Opinion | Susan Knopf: Set my records free | SummitDaily.com

Opinion | Susan Knopf: Set my records free

Susan Knopf
For the Record

We all found out about the guy who displayed the Confederate flag in the July Fourth parade because the town of Frisco expedited the open records request.

For the record, the Colorado Open Records Act “requires that most public records be available to the public.” Such requests also are called Freedom of Information Act requests. But Coloradans don’t have a law protecting our right to know what our courts are doing. Usually, we count on the press to represent our interests in such cases, which fall under the First Amendment.

In one egregious case, there was definitely some wheeling and dealing going on to secure testimony in a capital murder case. Steve Zansberg represented The Colorado Independent and appealed the First Amendment case to the U.S. Supreme Court. It declined to hear the case. That decision left us with no real First Amendment rights when it comes to Colorado criminal cases.

“I remain appalled that our State Attorney General (Phil Weiser’s) Office filed a response brief to SCOTUS that so flagrantly misrepresented both the Colorado Supreme Court’s holding and the substance of the Colorado Independent’s motion papers,” Zansberg said. “As a result of those misrepresentations, the law … now denies Colorado citizens a fundamental constitutional right enjoyed by the residents of 49 other states and the District of Columbia.”

Zansberg refers to the fact that most states have adopted the American Bar Association standards for release of transcripts to the press. Colorado has not. The spokesman for Weiser says the attorney general stands by his filings.

“The outcome of this case has profoundly undercut my faith in our judicial system,” Zansberg said.

The Colorado Freedom of Information Coalition reported that the First Amendment Clinic at Arizona State University’s Sandra Day O’Connor College of Law filed a friend of the court brief with the U.S. Supreme Court, arguing that the Colorado Supreme Court erred in rejecting the news nonprofit’s request to unseal court records alleging misconduct in the prosecution of death row inmate Sir Mario Owens.

According to The Colorado Independent, the online newspaper was joined by more than 50 news organizations and 21 First Amendment scholars in challenging the Colorado Supreme Court’s decision to seal the records. That included The Denver Post, The Washington Post, The New York Times, National Public Radio, The Associated Press, BuzzFeed, Sinclair Broadcast Group, Politico, NBC Universal, The Boston Globe, The Center for Investigative Reporting and The Seattle Times.

So what happened? Well, it was a long case, spanning years, with many twists and turns. The First Amendment issues revolved around allegations of prosecutorial misconduct in 18th Judicial District Attorney George Brauchler’s office, the guy who ran for Colorado attorney general and lost to Weiser. To be fair, most of the allegations of misconduct occurred under predecessor District Attorney Carol Chambers’ watch, but Brauchler did everything he could to make the convictions stick, even when serious questions arose.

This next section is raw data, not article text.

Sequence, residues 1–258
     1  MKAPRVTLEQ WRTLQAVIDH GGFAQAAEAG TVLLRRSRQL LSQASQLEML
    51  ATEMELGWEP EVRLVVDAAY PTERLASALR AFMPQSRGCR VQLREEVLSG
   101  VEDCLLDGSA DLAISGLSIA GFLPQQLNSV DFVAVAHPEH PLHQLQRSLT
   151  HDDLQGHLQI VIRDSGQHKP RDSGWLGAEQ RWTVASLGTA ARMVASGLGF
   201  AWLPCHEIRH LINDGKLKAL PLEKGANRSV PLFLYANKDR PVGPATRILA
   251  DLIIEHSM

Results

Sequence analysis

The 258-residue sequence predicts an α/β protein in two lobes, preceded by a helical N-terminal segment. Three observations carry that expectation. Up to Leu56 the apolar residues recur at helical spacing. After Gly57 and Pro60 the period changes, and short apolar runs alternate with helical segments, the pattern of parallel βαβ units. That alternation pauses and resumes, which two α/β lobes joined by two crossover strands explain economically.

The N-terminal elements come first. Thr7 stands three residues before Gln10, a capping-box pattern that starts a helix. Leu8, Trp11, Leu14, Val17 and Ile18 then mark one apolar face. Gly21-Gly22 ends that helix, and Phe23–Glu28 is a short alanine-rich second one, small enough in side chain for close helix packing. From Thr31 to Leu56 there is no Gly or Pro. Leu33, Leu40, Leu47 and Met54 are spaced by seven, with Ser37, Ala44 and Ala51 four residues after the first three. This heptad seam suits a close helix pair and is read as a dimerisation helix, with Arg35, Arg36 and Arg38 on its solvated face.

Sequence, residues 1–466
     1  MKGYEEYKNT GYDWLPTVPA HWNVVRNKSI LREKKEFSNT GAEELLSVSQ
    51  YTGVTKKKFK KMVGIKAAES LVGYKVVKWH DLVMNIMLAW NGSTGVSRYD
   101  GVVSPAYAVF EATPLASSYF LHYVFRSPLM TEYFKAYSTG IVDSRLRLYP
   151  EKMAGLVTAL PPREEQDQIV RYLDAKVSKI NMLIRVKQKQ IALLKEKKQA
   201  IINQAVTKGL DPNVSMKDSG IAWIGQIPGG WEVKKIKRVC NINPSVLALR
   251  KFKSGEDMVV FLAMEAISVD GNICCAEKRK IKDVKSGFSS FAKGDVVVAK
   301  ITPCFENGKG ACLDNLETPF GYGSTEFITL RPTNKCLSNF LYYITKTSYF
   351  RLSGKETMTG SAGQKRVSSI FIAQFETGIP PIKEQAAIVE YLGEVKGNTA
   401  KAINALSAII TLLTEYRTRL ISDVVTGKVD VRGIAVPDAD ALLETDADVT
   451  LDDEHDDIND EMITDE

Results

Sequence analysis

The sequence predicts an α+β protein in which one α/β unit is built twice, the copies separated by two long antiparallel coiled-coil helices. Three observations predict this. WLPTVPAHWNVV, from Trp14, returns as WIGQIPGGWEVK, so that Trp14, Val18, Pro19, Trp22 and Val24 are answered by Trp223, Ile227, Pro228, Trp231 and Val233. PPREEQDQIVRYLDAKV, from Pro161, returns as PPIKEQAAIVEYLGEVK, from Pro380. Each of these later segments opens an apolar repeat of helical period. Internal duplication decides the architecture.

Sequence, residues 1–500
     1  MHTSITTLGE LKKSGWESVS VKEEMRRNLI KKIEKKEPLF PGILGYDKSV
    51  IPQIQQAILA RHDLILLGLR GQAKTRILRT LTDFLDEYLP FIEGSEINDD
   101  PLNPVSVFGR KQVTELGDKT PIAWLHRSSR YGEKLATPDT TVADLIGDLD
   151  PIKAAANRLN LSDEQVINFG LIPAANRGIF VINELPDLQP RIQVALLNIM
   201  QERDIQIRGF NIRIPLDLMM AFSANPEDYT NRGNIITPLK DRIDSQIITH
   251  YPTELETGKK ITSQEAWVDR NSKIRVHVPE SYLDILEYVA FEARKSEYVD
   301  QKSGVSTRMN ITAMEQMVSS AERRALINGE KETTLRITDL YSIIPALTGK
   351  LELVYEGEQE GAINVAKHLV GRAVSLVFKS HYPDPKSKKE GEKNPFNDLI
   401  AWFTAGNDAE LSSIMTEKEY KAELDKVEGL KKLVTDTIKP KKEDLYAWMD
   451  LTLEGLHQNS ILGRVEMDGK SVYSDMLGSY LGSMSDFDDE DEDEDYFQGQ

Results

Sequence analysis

Owens and co-defendant Robert Ray now sit on death row, two of three Colorado death row inmates. All three are black in a state where African Americans represent only 5% of the population, a statistic that always seems to raise questions. Owens and Ray were convicted of the murders of Javad Marshall-Fields and his fiancee, Vivian Wolfe. Marshall-Fields was expected to testify against the two men in another homicide investigation.

The list of prosecutorial misconduct is a matter of public record found in district court Judge Christopher J. Munch’s more than 1,500-page decision. Munch admits there was prosecutorial misconduct. The decision reads like a list of dirty tricks: witnesses paid off, coercion of witnesses threatened with criminal charges if they didn’t testify against Owens and Ray, prosecutors paid bonuses for convictions. The prosecutors’ behavior nearly stooped to the level of the people they were prosecuting.

A really suspicious and disturbing fact is that district Judge Gerald Rafferty presided over the lengthy proceedings and appeared to be coming to the conclusion that the convictions would need to be set aside due to prosecutorial misconduct. He was abruptly removed from the case on what appeared to be a trumped-up contract question. Munch was appointed to deliver the foregone conclusion, even though there were multiple counts of prosecutorial misconduct: “The court concludes that Owens received a fair trial … fair sentencing … constitutionally obtained, justified in law …”

And when The Colorado Independent wanted to report on related judicial proceedings, the records were sealed. The Colorado Supreme Court ruled the transcripts wouldn’t be released. Then newly elected Weiser, two days into his term, followed suit and misrepresented what The Colorado Independent was asking for: transparency. We should demand Colorado adopt American Bar Association standards.

Susan Knopf’s column “For The Record” publishes Fridays in the Summit Daily News. Knopf has worn many hats in her career, including working as an award-winning journalist and certified ski instructor. She moved to Silverthorne in 2013 after vacationing in Summit County since the 1970s. Contact her at sdnknopf@gmail.com.


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